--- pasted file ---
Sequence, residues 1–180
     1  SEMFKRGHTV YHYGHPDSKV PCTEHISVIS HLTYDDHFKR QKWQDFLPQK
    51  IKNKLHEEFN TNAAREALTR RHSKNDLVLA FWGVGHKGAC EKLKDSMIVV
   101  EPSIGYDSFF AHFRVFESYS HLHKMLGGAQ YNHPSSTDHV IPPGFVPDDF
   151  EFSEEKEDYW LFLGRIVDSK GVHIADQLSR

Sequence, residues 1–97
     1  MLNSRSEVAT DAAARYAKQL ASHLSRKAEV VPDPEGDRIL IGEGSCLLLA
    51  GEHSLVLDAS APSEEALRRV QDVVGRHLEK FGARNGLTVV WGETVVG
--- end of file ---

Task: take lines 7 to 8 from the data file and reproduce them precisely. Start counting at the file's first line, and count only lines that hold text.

     1  MLNSRSEVAT DAAARYAKQL ASHLSRKAEV VPDPEGDRIL IGEGSCLLLA
    51  GEHSLVLDAS APSEEALRRV QDVVGRHLEK FGARNGLTVV WGETVVG